The Big Question of the 2022 Midterms: How Will the Suburbs Swing?

click to enlarge Suburban homes in Papillion, Neb., June 30, 2021. Democrats and Republicans are already jockeying for a crucial voting bloc in suburbanites that soured on Donald Trump, tilted to Joe Biden and now holds the key to the second half of the president’s term. - WALKER PICKERING/THE NEW YORK TIMES
Walker Pickering/The New York Times
Suburban homes in Papillion, Neb., June 30, 2021. Democrats and Republicans are already jockeying for a crucial voting bloc in suburbanites that soured on Donald Trump, tilted to Joe Biden and now holds the key to the second half of the president’s term.

By Trip Gabriel
The New York Times

Pursuing a bipartisan infrastructure deal and trumpeting a revived economy and progress against the pandemic, President Joe Biden is trying to persuade the nation that Democrats are the party that gets things done. His message is aimed at holding on to a set of voters in next year’s midterms who could determine the fate of his agenda: suburbanites who abandoned former President Donald Trump in droves.

More than any other group, those independent-minded voters put Biden in the White House. Whether they remain in the Democratic coalition is the most urgent question facing the party as it tries to keep its razor-thin advantage in the House and the Senate next year.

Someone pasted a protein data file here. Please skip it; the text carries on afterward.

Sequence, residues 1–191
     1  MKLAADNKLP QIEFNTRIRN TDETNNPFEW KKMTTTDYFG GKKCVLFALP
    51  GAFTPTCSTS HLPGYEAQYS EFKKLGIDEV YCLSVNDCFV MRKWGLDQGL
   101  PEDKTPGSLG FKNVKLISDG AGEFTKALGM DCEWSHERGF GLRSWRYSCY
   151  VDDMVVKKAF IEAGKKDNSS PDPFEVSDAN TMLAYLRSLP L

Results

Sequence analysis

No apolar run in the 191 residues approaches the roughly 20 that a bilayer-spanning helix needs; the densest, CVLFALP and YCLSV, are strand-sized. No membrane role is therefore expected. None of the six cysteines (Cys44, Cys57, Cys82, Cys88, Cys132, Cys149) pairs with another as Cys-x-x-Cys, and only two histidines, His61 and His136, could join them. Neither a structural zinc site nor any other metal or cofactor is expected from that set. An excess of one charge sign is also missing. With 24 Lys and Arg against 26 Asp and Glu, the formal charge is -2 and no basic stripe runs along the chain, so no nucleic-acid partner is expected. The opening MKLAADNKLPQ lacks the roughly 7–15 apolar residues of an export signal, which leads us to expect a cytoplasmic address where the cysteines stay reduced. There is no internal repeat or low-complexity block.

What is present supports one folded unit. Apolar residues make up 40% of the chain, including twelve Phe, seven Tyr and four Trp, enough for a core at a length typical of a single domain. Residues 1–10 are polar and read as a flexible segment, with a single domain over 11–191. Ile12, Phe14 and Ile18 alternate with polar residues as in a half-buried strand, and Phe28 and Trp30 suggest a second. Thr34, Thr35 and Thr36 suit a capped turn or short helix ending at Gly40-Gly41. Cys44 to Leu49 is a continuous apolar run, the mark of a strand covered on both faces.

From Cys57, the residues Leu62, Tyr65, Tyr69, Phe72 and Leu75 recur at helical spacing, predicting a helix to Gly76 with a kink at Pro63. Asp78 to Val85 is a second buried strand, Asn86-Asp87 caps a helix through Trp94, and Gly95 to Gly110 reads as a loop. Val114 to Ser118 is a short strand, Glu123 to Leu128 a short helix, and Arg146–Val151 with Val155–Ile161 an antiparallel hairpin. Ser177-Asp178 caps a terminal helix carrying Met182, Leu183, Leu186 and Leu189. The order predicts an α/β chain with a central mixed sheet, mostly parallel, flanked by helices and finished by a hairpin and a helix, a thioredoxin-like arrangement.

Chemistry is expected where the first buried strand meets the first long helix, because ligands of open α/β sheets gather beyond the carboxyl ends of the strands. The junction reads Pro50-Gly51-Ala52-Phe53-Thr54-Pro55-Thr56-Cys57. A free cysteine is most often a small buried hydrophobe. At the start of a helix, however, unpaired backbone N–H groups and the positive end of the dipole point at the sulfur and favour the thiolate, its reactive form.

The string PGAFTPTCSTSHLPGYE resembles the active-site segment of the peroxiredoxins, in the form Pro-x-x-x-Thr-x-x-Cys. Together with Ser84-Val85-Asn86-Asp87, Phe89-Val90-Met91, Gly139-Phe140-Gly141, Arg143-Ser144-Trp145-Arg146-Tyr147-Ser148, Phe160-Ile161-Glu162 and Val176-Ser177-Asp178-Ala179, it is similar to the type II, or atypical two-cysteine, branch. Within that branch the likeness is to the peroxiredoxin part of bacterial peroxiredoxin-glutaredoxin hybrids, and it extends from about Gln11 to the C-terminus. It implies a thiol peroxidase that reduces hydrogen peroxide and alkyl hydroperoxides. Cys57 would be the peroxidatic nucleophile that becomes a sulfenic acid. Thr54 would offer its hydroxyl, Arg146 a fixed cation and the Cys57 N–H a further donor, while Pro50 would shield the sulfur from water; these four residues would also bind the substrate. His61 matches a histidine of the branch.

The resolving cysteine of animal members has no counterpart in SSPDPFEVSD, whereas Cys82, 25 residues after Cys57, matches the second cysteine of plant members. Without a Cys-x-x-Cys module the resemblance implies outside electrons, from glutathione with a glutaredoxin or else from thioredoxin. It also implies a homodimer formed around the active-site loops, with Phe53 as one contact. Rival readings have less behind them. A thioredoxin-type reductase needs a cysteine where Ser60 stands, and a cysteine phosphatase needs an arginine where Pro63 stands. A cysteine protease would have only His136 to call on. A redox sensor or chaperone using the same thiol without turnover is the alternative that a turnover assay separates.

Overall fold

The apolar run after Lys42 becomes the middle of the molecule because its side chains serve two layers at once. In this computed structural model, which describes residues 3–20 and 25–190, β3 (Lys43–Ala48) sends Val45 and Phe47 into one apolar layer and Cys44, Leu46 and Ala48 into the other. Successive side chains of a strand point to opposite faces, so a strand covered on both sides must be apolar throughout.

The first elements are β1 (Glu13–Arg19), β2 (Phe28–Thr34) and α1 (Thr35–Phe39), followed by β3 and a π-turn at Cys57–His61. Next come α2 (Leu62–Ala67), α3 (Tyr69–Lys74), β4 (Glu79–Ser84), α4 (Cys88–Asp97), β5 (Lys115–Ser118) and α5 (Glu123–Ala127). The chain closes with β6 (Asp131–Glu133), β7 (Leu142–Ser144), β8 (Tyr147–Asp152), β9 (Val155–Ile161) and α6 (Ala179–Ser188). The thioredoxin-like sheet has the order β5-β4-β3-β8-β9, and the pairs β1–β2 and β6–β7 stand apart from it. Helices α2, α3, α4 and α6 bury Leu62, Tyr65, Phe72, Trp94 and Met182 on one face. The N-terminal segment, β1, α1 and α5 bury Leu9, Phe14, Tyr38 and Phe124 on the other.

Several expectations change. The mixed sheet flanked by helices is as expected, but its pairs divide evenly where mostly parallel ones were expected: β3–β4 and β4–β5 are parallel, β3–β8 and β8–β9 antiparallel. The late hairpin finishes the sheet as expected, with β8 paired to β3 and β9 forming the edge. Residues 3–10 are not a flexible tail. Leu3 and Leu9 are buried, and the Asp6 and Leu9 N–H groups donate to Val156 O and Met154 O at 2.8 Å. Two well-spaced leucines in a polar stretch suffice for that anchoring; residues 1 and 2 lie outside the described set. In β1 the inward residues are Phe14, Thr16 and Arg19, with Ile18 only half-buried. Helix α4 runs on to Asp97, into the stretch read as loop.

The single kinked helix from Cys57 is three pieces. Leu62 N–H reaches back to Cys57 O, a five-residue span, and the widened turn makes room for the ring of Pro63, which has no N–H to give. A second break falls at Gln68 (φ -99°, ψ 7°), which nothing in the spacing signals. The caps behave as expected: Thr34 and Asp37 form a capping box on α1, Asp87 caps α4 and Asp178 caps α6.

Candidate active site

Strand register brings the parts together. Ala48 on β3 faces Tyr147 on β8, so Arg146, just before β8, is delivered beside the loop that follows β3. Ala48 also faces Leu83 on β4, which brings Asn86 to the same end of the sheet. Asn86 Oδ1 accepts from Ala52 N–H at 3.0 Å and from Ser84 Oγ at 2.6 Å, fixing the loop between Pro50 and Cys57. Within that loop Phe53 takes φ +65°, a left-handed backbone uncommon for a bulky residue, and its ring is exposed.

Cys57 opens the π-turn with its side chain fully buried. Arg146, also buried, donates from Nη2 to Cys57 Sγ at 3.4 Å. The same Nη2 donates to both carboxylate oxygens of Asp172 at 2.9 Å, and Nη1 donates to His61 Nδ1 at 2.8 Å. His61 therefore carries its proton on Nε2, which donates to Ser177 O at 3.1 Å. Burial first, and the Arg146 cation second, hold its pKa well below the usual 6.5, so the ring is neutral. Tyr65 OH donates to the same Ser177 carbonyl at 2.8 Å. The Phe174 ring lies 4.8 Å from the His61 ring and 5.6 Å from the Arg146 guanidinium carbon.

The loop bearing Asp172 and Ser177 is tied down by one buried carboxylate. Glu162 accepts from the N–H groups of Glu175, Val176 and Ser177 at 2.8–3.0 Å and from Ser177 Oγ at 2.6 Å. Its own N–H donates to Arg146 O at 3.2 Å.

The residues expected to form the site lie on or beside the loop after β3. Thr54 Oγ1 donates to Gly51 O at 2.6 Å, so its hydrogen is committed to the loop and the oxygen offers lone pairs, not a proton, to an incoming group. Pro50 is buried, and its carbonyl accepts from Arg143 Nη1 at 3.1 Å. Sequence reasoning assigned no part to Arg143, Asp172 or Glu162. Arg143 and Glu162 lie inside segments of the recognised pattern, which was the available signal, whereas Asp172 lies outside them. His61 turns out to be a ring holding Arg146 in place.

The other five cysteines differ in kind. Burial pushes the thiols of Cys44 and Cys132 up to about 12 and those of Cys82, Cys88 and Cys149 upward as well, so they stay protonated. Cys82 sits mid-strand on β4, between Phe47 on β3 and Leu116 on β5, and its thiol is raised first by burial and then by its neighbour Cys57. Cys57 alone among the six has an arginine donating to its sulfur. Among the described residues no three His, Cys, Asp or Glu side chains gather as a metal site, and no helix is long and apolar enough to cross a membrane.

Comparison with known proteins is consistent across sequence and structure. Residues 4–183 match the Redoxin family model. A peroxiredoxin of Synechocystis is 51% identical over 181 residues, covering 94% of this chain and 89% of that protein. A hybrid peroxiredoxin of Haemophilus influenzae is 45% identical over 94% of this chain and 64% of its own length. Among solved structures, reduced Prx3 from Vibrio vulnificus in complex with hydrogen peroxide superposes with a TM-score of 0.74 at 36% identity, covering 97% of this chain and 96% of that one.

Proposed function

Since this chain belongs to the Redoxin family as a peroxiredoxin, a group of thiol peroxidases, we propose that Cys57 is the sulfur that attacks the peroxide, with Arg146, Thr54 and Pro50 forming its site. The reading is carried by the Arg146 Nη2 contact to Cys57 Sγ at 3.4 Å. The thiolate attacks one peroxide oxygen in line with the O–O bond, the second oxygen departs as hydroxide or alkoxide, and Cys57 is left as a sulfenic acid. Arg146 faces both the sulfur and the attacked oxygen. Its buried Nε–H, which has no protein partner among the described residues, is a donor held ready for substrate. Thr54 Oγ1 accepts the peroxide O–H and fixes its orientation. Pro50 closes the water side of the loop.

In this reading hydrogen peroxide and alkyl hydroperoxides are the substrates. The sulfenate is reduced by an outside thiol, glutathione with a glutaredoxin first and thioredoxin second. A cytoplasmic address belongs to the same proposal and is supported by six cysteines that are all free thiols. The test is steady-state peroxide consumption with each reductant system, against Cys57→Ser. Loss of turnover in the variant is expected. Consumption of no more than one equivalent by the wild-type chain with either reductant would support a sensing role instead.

Biden made his pitch again Friday when he signed an executive order intended to protect consumers from the anti-competitive practices of large businesses.

But Republicans are also going to war for suburban votes. The party is painting the six-month-old Biden administration as a failure, one that has lost control of the Southwestern border, is presiding over soaring crime rates and rising prices, and is on the wrong side of a culture clash over how schools teach the history of racism in America.

Whoever wins this messaging battle will have the power to determine the outcome of the rest of Biden’s term, setting the stage for either two more years of Democrats driving their policies forward or a new period of gridlock in a divided Washington.

Biden won 54% of voters from the country’s suburbs last year, enough to overcome Trump’s expansion of his own margins in rural and urban areas, according to new data from the Pew Research Center.


The Pew data also showed that Biden failed to increase his share of the Democratic base from 2016, including among young people and voters of color. It found, however, that his support surged among independents, veterans and married men.

In 2022, Democrats will need to count on more than the revolt of suburbia against Trump’s norm-smashing presidency to motivate their voters.

The limits of the anti-Trump vote were already glimpsed last year, when half of the 14 House seats that Democrats lost, to their shock, were in suburban or exurban districts. The party also failed to defeat vulnerable Republicans in districts Biden won.

This article originally appeared in The New York Times.

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